The nonsensical plot includes a zombified henchman named Ivan (an uncredited Chuck Niles, a Jazz disc jockey that has his name on the Hollywood Walk of Fame and later appeared in Nightmare Circus [1974 / fan-made photo trailer]) and a deus ex machina in the form of a "gorilla" (an uncredited Mitch Evans of Gallery of Horror [1967 / full film] and Paul Hunt's The Harem Bunch ) that ends up unwittingly assisting in the escape of the teenagers. In the quality of the ape suit and the sets, the film shows its budget as prominently as a plumber shows the crack of his ass, though a plumber's ass offers more terror and entertainment. There is virtually no action to speak of, with some scenes repeated endlessly (there is a ridge, for example, that the teens run up and down at least six times always shot from the same angle, and the "island" itself seems to consist of only one beach), and when there finally is the big fight scene Warren's camera seems to remain glued to one location no matter where the actors move to – when they do even move. Indeed, Warren uses the static camera of the classic exploitation mode with long full-frontal scenes and stiff blocking and as little cross-editing as possible; when there is finally a rare if short pan of the camera, it is so unexpected that it actually shocks the viewer more than anything else in the movie does.
In regards to the cinematography, the lighting of some interior shots is so bad that shadows often come across as mysteriously appearing and disappearing appendages or huge tumors, while the B&W photography is shot in three shades of gray. The pompous score of stock music – supposedly taken from the granddaddy of all killer asteroid films Kronos (1957 / trailer / full film) and by Bert Shefter and Paul Sawtell who, among other things, went on to work on the exploitation masterpiece Faster Pussycat! Kill! Kill! [1965 / trailer]) – is unduly bombastic for all the inactivity it underscores, and thus does less to add any suspense or mood than to simply call attention to itself and to how out of place it is. As for the acting, it veers from being wooden to cheesy without ever coming close to achieving any level of verisimilitude; that many of the actors (J.L.D. Morrison, Mitzie Albertson, Jay Hawk, Nan Green, Don Neeley) never made another film isn't surprising, but what is amazing is that some actually had an acting career of sorts, even if only barely. (Paul "Skip" Pepper was a glorified extra up until the 1980s, while Steve Conte, who plays one of the agents from "the East" that comes to Myra's island to check the progress of her work, was regularly face on the large and small screen for almost a good 40 years.)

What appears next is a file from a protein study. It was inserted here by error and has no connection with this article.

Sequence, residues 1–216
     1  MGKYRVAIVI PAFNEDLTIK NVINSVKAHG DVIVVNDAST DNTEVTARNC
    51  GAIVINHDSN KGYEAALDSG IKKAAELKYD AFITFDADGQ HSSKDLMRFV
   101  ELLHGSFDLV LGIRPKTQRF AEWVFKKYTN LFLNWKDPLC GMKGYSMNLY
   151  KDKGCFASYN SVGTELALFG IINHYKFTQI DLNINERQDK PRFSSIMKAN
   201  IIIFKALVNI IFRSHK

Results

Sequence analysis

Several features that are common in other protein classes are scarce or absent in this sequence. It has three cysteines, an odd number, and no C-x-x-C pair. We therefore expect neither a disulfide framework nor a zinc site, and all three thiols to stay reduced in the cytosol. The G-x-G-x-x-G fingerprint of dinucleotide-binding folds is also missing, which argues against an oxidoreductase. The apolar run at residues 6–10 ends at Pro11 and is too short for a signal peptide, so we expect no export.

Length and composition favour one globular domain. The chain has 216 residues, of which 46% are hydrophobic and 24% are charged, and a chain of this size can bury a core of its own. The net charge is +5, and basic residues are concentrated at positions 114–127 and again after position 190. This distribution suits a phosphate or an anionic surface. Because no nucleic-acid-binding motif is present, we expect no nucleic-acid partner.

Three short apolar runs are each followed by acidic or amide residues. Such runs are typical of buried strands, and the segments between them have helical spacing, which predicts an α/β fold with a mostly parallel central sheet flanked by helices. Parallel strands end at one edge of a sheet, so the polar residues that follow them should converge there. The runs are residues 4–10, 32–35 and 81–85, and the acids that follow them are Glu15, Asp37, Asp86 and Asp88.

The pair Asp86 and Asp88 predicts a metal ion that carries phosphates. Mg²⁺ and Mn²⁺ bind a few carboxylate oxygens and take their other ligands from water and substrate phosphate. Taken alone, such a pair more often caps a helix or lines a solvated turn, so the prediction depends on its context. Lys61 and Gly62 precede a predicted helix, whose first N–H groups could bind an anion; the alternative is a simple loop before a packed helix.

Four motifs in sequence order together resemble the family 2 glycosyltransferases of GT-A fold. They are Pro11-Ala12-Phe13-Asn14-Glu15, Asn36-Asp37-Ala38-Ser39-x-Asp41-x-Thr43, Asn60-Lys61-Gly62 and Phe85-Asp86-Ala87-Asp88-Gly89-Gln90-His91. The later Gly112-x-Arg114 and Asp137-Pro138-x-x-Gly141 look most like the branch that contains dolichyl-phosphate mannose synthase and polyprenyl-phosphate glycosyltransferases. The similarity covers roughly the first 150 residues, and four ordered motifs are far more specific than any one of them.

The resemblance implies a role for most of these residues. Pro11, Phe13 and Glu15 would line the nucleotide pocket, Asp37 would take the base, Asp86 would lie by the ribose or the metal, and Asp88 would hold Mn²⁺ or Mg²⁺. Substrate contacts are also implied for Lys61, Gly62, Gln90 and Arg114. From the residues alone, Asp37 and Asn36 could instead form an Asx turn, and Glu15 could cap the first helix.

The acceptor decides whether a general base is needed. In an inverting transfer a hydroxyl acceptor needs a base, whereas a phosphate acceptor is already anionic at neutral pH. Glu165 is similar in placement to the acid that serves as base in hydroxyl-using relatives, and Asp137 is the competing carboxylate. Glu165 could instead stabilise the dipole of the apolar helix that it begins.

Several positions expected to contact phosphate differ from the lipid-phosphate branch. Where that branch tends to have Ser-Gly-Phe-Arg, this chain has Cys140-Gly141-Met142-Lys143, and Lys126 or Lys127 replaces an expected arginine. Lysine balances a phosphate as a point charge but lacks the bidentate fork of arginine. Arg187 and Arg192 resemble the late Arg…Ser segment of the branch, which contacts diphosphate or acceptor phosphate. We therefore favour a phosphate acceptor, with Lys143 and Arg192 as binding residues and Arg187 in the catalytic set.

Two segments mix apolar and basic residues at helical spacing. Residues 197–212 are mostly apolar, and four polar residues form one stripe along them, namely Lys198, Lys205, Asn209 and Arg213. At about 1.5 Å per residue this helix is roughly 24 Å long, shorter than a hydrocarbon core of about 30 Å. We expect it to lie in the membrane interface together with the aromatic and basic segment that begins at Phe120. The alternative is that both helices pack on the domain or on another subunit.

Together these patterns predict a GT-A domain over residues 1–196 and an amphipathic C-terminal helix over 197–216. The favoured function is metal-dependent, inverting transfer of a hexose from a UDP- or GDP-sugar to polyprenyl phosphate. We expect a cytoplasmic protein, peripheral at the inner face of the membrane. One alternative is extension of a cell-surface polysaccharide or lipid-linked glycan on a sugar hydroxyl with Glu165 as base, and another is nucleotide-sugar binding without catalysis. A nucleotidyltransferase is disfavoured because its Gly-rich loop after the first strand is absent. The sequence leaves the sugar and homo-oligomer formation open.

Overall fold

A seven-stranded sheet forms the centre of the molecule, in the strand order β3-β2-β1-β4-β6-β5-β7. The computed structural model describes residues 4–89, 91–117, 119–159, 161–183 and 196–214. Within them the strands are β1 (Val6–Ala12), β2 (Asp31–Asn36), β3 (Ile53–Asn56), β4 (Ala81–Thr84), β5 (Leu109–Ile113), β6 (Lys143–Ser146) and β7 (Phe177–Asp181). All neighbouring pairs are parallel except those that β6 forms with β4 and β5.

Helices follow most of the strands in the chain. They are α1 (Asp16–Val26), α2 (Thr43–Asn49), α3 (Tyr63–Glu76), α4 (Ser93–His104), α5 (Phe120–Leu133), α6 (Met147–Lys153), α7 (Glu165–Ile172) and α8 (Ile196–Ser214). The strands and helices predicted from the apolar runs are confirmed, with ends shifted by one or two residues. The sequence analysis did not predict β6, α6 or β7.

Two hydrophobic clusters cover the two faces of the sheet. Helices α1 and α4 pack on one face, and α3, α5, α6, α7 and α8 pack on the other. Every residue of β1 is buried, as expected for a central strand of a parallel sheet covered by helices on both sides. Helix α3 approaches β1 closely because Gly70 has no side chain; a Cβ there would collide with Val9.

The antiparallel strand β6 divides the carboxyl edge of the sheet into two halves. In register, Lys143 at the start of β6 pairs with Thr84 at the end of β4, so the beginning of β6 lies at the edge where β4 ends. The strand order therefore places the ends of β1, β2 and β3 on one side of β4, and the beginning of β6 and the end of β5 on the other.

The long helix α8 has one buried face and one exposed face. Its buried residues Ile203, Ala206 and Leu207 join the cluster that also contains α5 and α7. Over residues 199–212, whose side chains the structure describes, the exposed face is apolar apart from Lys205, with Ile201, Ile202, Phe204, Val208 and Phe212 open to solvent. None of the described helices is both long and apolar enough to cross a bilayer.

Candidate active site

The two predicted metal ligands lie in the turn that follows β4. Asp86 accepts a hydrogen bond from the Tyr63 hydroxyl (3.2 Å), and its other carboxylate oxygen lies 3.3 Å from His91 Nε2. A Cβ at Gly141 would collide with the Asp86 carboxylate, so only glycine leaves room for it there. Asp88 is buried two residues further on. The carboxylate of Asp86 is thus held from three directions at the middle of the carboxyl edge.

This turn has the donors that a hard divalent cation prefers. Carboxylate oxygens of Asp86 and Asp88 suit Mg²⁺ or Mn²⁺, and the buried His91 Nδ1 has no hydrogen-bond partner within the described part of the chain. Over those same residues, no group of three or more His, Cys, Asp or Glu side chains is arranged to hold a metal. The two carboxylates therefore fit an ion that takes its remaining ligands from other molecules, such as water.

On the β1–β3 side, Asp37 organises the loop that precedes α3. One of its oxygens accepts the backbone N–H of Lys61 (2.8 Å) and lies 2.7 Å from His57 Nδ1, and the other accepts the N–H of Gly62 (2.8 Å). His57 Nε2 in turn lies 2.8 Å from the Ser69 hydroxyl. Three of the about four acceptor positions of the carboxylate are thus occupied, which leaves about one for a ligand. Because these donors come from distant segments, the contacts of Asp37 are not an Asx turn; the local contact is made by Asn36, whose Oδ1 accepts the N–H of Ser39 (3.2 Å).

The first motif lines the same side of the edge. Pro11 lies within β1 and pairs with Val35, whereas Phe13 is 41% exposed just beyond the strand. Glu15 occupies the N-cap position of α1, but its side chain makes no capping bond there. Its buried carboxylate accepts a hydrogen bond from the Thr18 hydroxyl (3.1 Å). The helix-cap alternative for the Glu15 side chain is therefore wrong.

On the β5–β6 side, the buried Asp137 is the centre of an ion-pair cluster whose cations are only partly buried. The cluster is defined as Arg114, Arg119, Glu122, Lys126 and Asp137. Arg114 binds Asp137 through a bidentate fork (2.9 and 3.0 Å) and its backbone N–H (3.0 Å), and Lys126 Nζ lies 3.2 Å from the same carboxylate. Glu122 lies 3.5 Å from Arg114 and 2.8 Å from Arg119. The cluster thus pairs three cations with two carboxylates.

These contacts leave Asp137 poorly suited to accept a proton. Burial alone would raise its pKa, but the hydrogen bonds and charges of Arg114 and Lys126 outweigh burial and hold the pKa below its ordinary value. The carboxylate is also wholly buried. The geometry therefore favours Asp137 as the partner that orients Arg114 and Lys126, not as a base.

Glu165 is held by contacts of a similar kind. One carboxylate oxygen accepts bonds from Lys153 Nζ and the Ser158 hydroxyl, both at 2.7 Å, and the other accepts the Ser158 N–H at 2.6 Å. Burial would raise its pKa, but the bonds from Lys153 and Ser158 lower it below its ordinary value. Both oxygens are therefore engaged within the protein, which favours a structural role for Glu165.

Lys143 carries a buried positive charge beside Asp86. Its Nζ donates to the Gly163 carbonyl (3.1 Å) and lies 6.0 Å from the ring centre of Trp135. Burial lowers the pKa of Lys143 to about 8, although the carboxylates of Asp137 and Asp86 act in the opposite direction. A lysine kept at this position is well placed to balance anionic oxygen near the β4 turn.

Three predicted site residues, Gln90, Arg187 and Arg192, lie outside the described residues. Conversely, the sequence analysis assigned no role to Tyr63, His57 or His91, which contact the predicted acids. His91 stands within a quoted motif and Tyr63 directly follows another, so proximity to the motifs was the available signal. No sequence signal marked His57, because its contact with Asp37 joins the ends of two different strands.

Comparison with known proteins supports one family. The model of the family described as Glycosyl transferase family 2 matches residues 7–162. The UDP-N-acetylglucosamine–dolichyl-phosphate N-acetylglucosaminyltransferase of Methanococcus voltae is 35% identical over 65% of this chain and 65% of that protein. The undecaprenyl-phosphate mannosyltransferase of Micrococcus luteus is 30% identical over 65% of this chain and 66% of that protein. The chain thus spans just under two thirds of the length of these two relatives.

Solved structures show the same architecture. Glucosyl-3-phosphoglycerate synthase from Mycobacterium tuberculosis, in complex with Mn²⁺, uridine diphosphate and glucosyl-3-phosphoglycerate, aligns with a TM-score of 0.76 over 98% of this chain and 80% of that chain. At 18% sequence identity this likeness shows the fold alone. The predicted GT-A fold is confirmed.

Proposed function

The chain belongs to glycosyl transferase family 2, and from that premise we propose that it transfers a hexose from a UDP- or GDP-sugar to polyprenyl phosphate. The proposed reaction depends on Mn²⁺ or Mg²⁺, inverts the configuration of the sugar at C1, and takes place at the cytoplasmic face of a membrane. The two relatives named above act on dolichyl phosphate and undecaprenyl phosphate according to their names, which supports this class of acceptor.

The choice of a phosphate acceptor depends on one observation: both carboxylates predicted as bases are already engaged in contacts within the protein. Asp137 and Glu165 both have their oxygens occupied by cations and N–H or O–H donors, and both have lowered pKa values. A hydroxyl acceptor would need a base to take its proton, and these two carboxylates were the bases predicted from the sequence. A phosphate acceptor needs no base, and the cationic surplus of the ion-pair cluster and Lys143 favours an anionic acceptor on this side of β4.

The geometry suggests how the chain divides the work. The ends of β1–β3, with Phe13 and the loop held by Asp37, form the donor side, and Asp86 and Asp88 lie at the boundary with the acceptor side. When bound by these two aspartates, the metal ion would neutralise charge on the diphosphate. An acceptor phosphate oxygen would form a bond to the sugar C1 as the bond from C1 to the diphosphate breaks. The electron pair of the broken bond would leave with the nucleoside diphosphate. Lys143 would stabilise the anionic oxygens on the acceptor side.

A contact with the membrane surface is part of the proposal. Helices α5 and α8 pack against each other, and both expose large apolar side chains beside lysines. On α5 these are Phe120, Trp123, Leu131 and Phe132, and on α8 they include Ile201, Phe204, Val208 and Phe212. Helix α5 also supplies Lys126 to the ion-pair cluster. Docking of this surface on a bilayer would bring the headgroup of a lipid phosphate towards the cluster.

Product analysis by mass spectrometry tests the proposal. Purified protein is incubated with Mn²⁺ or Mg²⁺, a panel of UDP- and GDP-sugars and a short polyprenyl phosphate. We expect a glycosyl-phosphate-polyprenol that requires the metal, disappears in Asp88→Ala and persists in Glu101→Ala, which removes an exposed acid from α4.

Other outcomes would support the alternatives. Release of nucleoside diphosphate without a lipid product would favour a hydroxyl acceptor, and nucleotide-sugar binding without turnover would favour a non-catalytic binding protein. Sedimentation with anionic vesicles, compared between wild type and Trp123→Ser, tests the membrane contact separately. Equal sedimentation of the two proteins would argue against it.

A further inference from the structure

Yep, Teenage Zombies is an amazing film. Watch it at your own peril – or when you're trying to get unwanted house guests to leave early. And Medveds: if your book should ever go for a reprint, make sure to update and correct your awards.
** At the time of Teenage Zombies, Brianne Murphy was married to Ralph Brooke, the director of Bloodlust! (1961) – she appears as the dead female body floating in the tank in that film. She married Warren soon after Brooke's death in 1964 and went onto a successful career as cinematographer, even becoming the first female director of photography on a major studio, union picture (the flop that is Fatso [1980 / trailer]). She also directed a sleaze flick of her own, Blood Sabbath (1972 / first 15 minutes), featuring the great Dyanne Thorne.